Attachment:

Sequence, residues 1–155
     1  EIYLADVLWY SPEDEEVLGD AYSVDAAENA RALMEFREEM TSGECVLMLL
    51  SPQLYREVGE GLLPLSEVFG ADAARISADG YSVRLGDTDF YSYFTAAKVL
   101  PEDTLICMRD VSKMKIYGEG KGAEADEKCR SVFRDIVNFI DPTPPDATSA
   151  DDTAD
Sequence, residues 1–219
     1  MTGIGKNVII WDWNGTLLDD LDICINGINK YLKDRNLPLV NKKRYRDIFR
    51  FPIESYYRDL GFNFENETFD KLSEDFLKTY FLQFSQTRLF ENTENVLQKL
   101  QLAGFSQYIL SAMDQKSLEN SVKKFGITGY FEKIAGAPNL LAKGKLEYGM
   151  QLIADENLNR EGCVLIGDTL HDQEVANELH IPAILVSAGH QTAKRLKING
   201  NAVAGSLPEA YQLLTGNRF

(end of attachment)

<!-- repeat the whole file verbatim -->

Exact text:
Sequence, residues 1–155
     1  EIYLADVLWY SPEDEEVLGD AYSVDAAENA RALMEFREEM TSGECVLMLL
    51  SPQLYREVGE GLLPLSEVFG ADAARISADG YSVRLGDTDF YSYFTAAKVL
   101  PEDTLICMRD VSKMKIYGEG KGAEADEKCR SVFRDIVNFI DPTPPDATSA
   151  DDTAD
Sequence, residues 1–219
     1  MTGIGKNVII WDWNGTLLDD LDICINGINK YLKDRNLPLV NKKRYRDIFR
    51  FPIESYYRDL GFNFENETFD KLSEDFLKTY FLQFSQTRLF ENTENVLQKL
   101  QLAGFSQYIL SAMDQKSLEN SVKKFGITGY FEKIAGAPNL LAKGKLEYGM
   151  QLIADENLNR EGCVLIGDTL HDQEVANELH IPAILVSAGH QTAKRLKING
   201  NAVAGSLPEA YQLLTGNRF